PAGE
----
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How Flexible Work Allowed Me to Be Myself, Illness and All

My career goal since I was 18 years old was to work as an engineer in motorsport, no matter the sacrifices, hard work or cultural issues I would encounter. I went to the UK for my Masters degrees and I got a dream job in race car aerodynamics back home in Toronto. Everything was lining up, so I could put all my education to use and work in an industry that I was passionate about. But there was a catch.

Traditional Work Environments Are Not Flexible

As I continued to push down this career path, I was diagnosed with an autoimmune disease, for which there is no cure. I wasn’t going to let this illness take away everything I’d worked for, so I hid it from my workplace. 

As a woman in a male-dominated industry, adding another “weakness” to my roster of perceived deficiencies was not an option.

My workplace demanded long hours, hard work, and coping in an incredibly stressful environment. I’d be at the office all weekend, trying to hit unrealistic goals, prove myself to people that didn’t believe in me, and show that the technology was accurate. I’d then show up on Monday by 9am, and continue on, as if I was perfectly healthy. There was a culture of face time in my past work, where the longer you were there or the later you sent the email, the more respected you were.

I only had 10 vacation days and 10 sick days a year, which were mostly eaten up by specialist appointments, tests, and periods of time when my disease was flaring so badly I couldn’t leave home. Years under these working conditions did no good for my health. I became so ill that I had to tell management why I was going to need more time off than the company would allow. To their credit, they tried to work with me and were understanding, but the system does not allow for people like me to be themselves–sick, vulnerable and requiring flexible work hours. 

Defining What Flexible Work Needed to Be for Me

unnamed (3)I began to consider what would actually work best for me, not how I would fit into the corporate machine. I knew that I worked better on my own, without the distractions of a busy engineering office. I knew I could offer a ton of value to other businesses and I was willing to start from square one and learn the required skills. 

I started to search for a way to support myself that would, at the very least, stop making me more sick and stressed out. My disease wasn’t going anywhere, so I needed work that would fit around doctors appointments and bad days without needing to offer an explanation. If I could just work from home, I would be able to eliminate a long commute and spend that time actually getting 7-8 hours of sleep.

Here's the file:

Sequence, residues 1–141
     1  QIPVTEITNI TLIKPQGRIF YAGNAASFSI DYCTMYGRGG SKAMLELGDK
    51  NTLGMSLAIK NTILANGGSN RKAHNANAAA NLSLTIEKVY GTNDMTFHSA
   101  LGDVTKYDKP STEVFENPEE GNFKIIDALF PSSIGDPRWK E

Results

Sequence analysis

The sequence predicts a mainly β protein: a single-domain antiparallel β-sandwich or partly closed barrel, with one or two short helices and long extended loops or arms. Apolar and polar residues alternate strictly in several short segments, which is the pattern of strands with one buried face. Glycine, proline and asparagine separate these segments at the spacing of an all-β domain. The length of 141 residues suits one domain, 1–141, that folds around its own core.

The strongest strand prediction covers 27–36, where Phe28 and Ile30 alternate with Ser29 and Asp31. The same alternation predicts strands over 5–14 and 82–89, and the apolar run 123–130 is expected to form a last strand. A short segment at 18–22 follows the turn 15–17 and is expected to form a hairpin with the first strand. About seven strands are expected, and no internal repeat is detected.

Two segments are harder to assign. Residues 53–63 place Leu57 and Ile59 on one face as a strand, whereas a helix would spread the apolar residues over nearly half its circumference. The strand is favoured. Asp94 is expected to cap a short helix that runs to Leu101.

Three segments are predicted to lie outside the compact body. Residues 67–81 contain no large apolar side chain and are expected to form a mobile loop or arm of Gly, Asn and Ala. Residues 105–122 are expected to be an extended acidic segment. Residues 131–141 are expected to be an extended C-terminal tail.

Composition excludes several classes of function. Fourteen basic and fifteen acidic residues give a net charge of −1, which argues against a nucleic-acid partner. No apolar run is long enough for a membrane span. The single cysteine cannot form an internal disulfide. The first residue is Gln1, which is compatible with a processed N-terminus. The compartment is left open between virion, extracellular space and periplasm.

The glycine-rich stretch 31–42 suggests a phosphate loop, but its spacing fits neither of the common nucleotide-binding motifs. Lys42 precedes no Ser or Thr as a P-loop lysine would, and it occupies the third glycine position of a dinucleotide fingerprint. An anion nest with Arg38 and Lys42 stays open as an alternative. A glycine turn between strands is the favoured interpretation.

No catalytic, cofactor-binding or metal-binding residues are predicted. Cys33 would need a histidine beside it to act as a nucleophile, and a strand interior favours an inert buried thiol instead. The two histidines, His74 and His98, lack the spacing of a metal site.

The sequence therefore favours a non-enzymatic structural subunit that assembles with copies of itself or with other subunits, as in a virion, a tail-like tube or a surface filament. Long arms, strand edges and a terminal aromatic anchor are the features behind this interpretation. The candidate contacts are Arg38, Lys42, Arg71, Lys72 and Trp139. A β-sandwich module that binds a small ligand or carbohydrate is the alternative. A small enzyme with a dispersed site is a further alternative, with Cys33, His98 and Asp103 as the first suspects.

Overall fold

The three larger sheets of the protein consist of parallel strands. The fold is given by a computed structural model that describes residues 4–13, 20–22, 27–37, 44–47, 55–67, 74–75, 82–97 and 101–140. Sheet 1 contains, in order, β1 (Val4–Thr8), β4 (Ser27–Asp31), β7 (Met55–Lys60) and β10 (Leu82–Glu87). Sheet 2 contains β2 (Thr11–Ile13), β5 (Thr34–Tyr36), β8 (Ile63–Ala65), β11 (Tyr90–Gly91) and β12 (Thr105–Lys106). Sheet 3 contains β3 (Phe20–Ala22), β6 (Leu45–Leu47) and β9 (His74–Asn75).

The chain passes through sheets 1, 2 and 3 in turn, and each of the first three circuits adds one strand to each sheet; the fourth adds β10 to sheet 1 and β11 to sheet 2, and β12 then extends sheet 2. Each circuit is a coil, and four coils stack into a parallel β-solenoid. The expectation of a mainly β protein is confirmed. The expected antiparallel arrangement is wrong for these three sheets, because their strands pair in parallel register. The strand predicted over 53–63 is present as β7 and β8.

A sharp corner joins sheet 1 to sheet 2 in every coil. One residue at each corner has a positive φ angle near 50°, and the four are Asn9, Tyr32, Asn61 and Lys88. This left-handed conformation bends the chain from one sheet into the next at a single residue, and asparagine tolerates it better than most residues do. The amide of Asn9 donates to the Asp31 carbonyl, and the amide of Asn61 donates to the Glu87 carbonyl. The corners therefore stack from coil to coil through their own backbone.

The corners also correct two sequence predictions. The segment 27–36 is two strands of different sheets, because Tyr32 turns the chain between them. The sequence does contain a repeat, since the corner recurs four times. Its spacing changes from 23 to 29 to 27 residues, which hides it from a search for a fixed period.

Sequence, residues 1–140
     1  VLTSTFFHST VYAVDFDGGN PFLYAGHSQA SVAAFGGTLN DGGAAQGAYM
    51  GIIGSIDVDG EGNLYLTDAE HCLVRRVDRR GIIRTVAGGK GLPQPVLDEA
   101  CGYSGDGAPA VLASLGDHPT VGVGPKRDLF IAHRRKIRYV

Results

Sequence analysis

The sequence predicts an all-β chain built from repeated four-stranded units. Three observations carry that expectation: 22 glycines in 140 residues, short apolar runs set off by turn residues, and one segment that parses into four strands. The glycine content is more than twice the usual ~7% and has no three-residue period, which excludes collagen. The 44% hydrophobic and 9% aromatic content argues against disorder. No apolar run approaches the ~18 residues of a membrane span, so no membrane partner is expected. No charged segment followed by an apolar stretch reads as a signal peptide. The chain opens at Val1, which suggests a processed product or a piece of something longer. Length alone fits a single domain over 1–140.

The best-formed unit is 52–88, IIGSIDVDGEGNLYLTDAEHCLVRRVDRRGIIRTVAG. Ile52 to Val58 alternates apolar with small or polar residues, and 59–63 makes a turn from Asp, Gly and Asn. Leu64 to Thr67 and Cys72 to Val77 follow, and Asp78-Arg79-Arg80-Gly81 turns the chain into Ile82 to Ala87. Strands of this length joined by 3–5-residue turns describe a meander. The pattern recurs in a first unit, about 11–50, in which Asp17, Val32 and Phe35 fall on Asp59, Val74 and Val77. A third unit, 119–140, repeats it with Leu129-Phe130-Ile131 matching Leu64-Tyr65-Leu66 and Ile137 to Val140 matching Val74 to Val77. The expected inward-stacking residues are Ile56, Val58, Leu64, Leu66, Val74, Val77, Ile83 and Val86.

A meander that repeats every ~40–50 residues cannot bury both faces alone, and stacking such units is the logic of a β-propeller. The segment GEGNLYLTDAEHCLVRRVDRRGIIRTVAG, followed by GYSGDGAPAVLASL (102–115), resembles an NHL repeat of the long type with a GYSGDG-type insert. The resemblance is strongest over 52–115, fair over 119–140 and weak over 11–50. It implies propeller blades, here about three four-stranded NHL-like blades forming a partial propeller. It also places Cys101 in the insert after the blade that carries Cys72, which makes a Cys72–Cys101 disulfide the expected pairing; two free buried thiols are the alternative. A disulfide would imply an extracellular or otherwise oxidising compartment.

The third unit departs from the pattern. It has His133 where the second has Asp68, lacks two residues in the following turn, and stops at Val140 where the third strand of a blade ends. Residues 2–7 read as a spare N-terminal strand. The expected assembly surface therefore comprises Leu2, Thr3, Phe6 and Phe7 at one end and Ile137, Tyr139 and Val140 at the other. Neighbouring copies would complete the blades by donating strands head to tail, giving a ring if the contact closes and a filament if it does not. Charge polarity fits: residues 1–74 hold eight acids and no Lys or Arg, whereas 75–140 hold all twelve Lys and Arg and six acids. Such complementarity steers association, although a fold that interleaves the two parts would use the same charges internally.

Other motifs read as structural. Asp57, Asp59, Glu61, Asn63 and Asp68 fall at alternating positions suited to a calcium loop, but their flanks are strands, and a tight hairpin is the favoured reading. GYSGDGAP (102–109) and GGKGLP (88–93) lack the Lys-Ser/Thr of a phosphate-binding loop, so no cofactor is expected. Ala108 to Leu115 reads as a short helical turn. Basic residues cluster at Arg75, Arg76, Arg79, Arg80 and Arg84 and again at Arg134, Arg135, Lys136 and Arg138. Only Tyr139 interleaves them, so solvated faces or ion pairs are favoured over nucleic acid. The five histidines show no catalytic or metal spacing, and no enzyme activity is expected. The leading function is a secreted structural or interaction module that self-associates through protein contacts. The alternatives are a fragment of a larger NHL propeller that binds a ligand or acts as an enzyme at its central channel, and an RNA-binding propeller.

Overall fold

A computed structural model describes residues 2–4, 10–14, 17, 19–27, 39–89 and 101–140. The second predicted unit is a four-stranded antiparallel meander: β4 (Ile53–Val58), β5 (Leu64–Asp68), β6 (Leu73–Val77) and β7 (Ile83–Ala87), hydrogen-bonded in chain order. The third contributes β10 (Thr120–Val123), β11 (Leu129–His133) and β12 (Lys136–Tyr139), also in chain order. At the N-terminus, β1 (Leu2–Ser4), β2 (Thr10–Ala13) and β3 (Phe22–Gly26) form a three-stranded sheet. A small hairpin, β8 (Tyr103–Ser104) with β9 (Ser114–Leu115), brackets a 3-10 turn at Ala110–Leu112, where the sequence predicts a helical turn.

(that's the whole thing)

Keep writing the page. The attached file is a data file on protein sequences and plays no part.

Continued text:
On top of the need for flexible work hours, I knew I needed to find a work environment that allowed me to be myself: a woman, who often is sick, needs to be in the comfort of her own home, and without the external pressures of a very masculine industry weighing on her. I was tired of putting on a mask every day in order to show up, suck it up, and be tough. It was time to accept myself for who I was, to take off the mask, and find work from home that would support all of me.

Tangible Words Supported Me with Truly Flexible Work

Working for Tangible Words as a copywriter has been life-changing for me. Not only do they provide flexible work from home, but they have shown me what it feels like to be myself at work. I can plan when I want to work during the day, fitting work around other priorities in my life. 

I continue to have good and bad health days, and it’s incredibly freeing to be honest with my colleagues when I need some help or a little flexibility in deadlines. The culture at Tangible Words is the opposite of what I came from as an engineer, in that they care more about me and my wellbeing than sales targets and profit margins.

Flexible work, distributed offices, online workplaces and options to work from home are the future of work. We are all adults and can decide what work hours we need, how much work we can handle, and who we want to work with. Tangible Words has already embraced the need for flexible work and is empowering its people to be themselves first and do the work that supports them second. 

People Make the Difference in Finding Feel-Good Work

The biggest lesson I have learned in finding work that supports every part of me is that the people are the differentiator. 

I had the coolest job in the entire world, but I couldn’t be myself because the culture was not accepting of my gender, values and complete self. 

I now let my gut instinct guide who I work with and how I work. In the year that I’ve grown to know the Tangible Words team, I’ve enjoyed my work and my colleagues more than I thought possible. Feel-good work from home, with flexible hours and the freedom to be myself is thanks to the culture of support, work-life balance, and genuine empathy that the founders have embedded.

If you are looking for more flexibility in your work, learn how to apply on the Careers Page.

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Tags: Content Creation, Careers